Wednesday, 26 June 2013

Tin Tabernacle, Woodmancote

The Church of England expanded rapidly in Victorian times, partly out of a new religious fervour but also to serve a rising population that might otherwise go to chapel or even the liberated Catholic church.
In many cases an urgent need would be filled by a typically Victorian invention - the corrugated iron building.
Corrugated iron was invented in 1820 to provide a light but strong and durable building material that could be assembled by semi-skilled labourers. It was originally made of wrought iron passed between wavy rollers and galvanised to protect it from rust. By the 1890s the iron had been replaced by mild steel but the name stuck.
Many companies produced whole buildings of corrugated iron, from simple sheds to barns, bungalows, meeting rooms and churches, which became affectionately known as 'tin tabernacles'. They would be shipped by railway in flat-pack form and nailed onto simple wooden frames made by local carpenters. Prefabricated buildings of corrugated iron were sent all over the Empire.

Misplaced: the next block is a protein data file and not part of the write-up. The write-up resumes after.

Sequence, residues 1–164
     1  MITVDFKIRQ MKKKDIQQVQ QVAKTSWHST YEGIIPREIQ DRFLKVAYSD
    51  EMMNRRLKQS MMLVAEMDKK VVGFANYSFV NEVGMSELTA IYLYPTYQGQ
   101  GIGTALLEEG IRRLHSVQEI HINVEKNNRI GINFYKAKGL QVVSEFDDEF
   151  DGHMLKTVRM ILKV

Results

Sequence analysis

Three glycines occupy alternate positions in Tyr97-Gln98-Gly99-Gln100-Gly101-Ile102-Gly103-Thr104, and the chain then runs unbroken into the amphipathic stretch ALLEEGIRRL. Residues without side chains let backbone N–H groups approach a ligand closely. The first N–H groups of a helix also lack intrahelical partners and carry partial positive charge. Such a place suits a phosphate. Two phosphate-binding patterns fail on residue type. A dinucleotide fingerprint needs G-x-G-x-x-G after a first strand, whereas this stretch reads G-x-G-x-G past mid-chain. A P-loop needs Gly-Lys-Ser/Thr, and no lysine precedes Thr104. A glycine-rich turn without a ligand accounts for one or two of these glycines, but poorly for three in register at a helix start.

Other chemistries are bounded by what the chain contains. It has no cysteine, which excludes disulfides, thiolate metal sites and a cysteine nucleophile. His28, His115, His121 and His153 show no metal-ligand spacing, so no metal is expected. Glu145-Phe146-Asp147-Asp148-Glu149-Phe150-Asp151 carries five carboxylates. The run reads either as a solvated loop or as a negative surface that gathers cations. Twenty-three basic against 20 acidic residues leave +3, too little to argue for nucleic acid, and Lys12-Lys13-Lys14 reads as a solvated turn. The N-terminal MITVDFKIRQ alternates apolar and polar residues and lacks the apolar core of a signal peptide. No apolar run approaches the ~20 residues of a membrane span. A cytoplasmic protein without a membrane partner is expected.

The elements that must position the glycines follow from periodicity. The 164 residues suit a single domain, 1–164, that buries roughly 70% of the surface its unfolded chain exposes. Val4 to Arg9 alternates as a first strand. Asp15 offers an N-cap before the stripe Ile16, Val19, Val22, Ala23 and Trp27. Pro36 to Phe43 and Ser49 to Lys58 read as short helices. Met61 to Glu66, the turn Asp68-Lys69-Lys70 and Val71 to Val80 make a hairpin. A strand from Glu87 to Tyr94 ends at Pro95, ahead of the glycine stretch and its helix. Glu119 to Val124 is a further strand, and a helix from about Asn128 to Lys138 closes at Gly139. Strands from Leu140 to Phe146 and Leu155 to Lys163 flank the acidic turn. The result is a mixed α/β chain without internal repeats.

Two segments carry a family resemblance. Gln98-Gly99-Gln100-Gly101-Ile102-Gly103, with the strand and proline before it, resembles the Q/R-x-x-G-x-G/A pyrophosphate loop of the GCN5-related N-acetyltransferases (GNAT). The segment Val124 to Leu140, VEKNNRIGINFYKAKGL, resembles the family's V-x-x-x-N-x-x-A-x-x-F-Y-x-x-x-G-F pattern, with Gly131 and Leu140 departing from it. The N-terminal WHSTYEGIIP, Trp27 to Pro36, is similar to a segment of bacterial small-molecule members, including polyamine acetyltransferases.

The church at Woodmancote was built in 1892 by the rector of Westbourne, and it is still part of Westbourne parish. It is a simple room with a porch at the west end and a little bellcote above. The whole building is painted green, even the bell.
Few tin tabernacles survive. Many were soon replaced by more substantial buildings when the congregation became large enough to raise the money. Others were converted into village halls or scout huts before decay eventually swept them away.
The latest addition to the Weald and Downland Museum is the tin tabernacle from Wonston, near Winchester, complete with little 'churchy' touches like pointed windows and a cusped light behind the bell, but also painted green.
Tin tabernacles may lack the architectural presence of medieval stone carving and stained glass, but they have a humble charm all their own.